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  • Writer's pictureSasha Huang

Sollip: A Marriage of Love, Korean Heritage & Gastronomy From Chef Woongchul Park & Bomee Ki

INTERVIEW




At Sollip, the culinary artistry of husband-and-wife duo Woongchul Park and Bomee Ki comes to life, blending Korean heritage with European influences. This unique fusion, which earned Sollip a Michelin star in 2022, is deeply rooted in their South Korean childhood and their shared journey in London. The restaurant's name, meaning pine needle in Korean, symbolises the traditional ingredient used to control smoke and flames in Korean cuisine, reflecting the attention to intricate details in the menu.


Woongchul, with a background in esteemed kitchens like The Ledbury and Koffmann’s, and Bomee, a classically-trained pastry chef from The Arts Club, met at Le Cordon Bleu in London. Their menu is a testament to their heritage, love, and culinary precision, showcasing Korean flavours and European, particularly French, techniques they mastered during their culinary education.





Sollip's dishes are idiosyncratic yet comforting, balancing the warmth of Korean cuisine with the elegance of European styles. In contemporary Korean minimalist interior design of warm whites and Korean Onggi pots and artisanal tableware sourced from Korean ceramicists, the couple brings their heritage and passion to life on each plate. The restaurant's fermentation technique for their in-house fermented kimchi is based on an old family recipe. Every corner of Sollip is filled with memories, culture and love. Here, Woongchul Park, Co-owner & Chef of Sollip, shares us with the couple's story that has created a dining experience that is uniquely theirs.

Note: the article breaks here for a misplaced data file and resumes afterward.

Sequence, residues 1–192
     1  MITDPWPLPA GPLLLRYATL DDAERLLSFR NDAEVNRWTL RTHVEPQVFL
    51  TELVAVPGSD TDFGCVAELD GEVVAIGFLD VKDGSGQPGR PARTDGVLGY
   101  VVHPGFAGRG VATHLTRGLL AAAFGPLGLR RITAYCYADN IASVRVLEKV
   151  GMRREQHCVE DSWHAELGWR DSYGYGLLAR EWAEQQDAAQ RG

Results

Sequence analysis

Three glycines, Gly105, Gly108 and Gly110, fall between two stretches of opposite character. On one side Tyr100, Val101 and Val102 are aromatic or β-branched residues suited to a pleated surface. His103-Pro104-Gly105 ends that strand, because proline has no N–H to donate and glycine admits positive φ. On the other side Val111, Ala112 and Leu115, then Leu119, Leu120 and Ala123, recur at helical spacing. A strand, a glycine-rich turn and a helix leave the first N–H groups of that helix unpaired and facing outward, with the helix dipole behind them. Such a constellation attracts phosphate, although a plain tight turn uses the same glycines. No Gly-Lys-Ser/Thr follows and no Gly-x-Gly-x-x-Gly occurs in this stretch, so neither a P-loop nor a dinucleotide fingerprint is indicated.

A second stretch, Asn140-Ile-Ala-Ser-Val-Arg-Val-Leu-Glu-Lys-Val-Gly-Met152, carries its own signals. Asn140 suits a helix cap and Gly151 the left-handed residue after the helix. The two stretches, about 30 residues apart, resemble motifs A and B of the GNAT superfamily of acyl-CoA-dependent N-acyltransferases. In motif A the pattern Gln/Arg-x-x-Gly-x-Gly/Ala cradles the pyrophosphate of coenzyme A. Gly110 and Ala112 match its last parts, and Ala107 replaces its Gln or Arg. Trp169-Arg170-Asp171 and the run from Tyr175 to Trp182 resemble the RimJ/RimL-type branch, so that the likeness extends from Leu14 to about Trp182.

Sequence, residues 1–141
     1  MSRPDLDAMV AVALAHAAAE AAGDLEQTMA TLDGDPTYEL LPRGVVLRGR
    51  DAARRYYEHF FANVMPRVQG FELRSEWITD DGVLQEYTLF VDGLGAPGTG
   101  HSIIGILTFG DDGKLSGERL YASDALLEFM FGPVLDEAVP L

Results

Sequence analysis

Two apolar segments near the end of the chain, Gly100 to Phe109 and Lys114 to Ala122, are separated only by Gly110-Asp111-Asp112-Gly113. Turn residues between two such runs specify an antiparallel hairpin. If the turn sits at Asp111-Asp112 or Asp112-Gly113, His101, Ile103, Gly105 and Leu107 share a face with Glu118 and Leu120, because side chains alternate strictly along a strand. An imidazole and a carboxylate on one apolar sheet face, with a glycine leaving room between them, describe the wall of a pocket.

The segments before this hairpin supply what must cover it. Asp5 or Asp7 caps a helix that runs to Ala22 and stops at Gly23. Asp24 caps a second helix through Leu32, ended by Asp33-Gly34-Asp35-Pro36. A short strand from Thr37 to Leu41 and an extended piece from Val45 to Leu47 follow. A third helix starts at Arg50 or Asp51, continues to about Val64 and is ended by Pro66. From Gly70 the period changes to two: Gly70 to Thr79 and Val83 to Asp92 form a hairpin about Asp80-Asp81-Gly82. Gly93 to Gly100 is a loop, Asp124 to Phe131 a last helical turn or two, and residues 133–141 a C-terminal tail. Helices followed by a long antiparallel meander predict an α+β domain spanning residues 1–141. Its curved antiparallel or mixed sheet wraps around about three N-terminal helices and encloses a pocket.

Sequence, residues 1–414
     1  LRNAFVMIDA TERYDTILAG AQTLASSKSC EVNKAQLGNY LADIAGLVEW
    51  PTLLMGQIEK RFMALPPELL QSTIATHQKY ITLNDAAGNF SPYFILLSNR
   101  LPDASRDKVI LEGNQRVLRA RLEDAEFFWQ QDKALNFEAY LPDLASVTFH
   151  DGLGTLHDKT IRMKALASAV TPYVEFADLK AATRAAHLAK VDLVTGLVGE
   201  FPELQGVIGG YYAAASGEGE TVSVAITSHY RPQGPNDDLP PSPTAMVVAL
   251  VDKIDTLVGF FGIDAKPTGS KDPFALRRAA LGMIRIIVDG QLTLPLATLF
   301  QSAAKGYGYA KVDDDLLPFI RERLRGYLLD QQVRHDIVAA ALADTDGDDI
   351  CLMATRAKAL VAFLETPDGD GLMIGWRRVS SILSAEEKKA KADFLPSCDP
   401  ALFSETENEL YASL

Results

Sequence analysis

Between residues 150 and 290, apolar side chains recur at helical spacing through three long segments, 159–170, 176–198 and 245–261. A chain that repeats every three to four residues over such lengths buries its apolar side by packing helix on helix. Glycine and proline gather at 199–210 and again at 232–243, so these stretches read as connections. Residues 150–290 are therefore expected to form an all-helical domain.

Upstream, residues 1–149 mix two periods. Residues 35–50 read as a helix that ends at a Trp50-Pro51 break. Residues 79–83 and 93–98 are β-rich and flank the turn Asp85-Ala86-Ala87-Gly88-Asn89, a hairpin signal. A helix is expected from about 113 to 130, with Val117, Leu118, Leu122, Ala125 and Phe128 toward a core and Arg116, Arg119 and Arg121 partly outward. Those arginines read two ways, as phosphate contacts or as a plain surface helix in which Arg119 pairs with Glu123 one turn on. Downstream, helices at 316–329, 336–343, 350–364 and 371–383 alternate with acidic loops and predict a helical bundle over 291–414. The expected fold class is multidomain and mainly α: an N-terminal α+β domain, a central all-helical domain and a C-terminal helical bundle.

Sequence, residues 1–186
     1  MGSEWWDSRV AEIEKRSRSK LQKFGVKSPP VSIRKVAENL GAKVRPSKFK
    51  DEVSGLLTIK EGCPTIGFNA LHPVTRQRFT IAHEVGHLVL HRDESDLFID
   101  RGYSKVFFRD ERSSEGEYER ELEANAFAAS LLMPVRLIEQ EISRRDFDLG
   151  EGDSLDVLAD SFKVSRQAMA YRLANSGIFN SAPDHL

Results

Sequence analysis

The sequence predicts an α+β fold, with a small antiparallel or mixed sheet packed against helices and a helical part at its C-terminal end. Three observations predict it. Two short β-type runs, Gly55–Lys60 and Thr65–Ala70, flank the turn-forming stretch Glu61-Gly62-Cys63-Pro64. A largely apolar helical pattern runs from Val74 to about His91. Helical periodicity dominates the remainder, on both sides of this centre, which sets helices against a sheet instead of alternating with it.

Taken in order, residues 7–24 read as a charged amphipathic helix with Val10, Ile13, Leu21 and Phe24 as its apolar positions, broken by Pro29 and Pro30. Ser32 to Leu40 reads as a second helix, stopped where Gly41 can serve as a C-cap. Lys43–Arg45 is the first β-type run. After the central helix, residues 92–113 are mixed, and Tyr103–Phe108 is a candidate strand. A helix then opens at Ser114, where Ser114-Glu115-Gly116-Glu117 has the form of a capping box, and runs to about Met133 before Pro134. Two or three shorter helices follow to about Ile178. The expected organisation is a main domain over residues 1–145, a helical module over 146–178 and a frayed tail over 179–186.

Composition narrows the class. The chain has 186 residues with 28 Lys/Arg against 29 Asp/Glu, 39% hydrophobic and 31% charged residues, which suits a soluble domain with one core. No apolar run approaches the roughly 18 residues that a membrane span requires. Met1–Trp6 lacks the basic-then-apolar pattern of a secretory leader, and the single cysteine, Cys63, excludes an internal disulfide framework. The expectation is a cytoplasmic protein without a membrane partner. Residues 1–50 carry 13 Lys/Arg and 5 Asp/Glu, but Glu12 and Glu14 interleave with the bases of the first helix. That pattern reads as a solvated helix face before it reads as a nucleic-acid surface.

1. What is the philosophy of Sollip’s cuisine?


Sollip is where passion for French and European cuisine meets the culinary origins shared by my wife and I. In the UK, I think we were the first to launch a restaurant implementing a fine dining menu which brings together French and Korean influences. Sollip’s philosophy is simple, we create thoughtfully considered dishes with quality ingredients that explore flavours from both countries. In our kitchen, nothing happens by chance; everything is placed on the plate with a clear purpose as our menus are designed with care and intention.


We see our dishes evolve constantly as we experiment with flavours combinations. I like to think we aren’t pigeonholed into one style only. Most importantly, we create dishes that we would like to eat ourselves. For my part, I’d say my cooking is honest and free. I bring my own heritage, experiences and teachings to the kitchen. My wife Bomee leads the pastry team at Sollip. I enjoy cooking savoury dishes more. Bomee and I create menus that are truly ours, interspersed influences from throughout our lives.






"Sollip’s philosophy is simple, we create thoughtfully considered dishes with quality ingredients that explore flavours from both countries."

- Woongchul Park, Co-owner & Chef of Sollip





2. What do you aim to bring to London’s culinary scene with Sollip?


Our ultimate goal is to create a unique and memorable dining experience.


As Koreans, our identity, style, and background make Sollip special. Working together as a husband-and-wife team, our touch is present in every aspect of the food and the restaurant. As chefs and owners, we ensure that our vision is reflected in every detail. We have a small but strong team which I believe really translates into the guest experience.




3. How does both your Korean roots influence your work ethic or your craft?


Everyone is somewhat influenced by where they come from and it explains why they do what they do. Being Korean influences me in the flavours I want to use when I cook, and the dishes I create. My ethos is based on my background and experiences so obviously there are elements I bring back from Korea, but not only. My cooking style is very much bound to my passion for food and my desire to innovate and experiment. Korean cuisine is all about balance - the harmony of spicy, sweet, sour and umami. What is interesting here at Sollip is that we bring these Korean elements and implement them in European/French recipes, a concept that I think is still fairly unique. We like the idea of bringing something different to the UK dining scene, embracing our heritage, the dishes that inspire us and our techniques to balance it all out.